It seems Mars has been all the rage this week. On Monday, NASA was able to land the InSight rover on the planet, leading to numerous cheers (and a well-choreographed celebration) from the scientists tasked with getting it there. Over the next months and years, I’m sure they’re going to acquire an immense amount of data that will prove to be beneficial when humans take their first steps on the Red Planet.
Adding to the intrigue was the third episode of Mars on the National Geographic Channel Monday evening (9 PM/8 CT). The last time we took a look at the scientists and miners, they were engaged in a full-on fistfight over a discovery of liquid water by the Lukrum company. Commander Hana (Jihae) was also dealing with the loss of her sister and as the new episode begins, she’s not done a good job handling the situation over the previous four months.
Marta (Anamaria Marinca) was incensed in episode two about the water issue and she’s still fuming about it. When she beings it up to Hana, the commander’s repression of grief gets the best of her, causing her to explode on her colleague. Marta decides that she’s going to get samples to prove the existence of new life forms and despite being told otherwise, takes a rover to Lukrum and starts collecting. It’s at this point in the show that the drama really begins.
Interspersed with clips of scientists working in remote portions of the Greenland Ice Shelf, a solar flare damages a transformer, throwing everything into disarray. Nobody can communicate on either base. Marta loses her navigational system and stubbornly tries to drive back to the base. This isn’t a good idea when night is falling and temperatures plummet to levels that would kill humans. Since she’s on battery power, she’s limited to what she can do. It suddenly becomes a race against time to rescue Marta from freezing to death. All that she’s worked for up until this point is seriously in jeopardy.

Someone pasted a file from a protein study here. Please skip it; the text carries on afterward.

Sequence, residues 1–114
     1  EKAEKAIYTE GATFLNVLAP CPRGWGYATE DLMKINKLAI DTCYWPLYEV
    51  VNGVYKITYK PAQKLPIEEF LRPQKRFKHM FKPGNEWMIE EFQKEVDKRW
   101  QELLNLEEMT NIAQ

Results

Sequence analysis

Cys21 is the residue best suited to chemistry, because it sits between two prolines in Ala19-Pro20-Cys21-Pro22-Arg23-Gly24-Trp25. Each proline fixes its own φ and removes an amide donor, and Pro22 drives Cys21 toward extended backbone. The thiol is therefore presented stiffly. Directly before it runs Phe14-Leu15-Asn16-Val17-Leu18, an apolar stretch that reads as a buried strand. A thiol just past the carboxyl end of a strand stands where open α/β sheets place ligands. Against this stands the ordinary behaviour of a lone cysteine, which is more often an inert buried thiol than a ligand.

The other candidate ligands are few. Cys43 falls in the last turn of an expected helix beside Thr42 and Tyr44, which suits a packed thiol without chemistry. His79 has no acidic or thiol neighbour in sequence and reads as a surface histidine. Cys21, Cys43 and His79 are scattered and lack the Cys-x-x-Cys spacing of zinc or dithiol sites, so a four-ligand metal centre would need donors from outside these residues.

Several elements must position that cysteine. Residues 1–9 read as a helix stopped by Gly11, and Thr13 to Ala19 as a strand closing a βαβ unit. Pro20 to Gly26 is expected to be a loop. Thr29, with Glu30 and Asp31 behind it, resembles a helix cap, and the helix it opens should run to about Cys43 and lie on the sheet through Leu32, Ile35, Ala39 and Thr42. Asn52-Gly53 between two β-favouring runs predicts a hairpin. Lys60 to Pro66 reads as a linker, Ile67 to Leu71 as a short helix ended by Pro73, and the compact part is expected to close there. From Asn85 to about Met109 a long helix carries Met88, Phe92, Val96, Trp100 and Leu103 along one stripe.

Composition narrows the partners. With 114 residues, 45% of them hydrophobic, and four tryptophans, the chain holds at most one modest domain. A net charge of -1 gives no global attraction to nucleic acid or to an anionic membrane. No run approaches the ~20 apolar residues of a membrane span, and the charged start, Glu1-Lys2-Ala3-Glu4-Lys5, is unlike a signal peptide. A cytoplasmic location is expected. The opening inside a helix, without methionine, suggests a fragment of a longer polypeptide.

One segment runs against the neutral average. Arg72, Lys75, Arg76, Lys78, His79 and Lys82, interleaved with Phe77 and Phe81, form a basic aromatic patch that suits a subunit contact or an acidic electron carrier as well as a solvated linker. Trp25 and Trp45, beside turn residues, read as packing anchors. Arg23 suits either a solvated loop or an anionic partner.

It’s at this point that a distinctive message arises from the episode of Mars. Scientists aren’t always folks who work in labs, but individuals who are so called to their respective projects that they are willing to sacrifice any and everything to make their goals happen. The folks in Greenland left family to accomplish their tasks. Marta was so committed to going to Mars that she put the mission ahead of her boyfriend, who didn’t take the news well. For those who wish to follow after Jesus and be his disciple, they have to be willing to do the same thing—leave all they’re comfortable with and follow him, no matter what (see Luke 9). He never said it would be easy, but worth it in the end (see Matthew 19:29).
At the end of the episode, one of the samples Marta collected begins to show movement. Could this be the start of something big? Or could it be something else? Be sure to tune in next week to find out!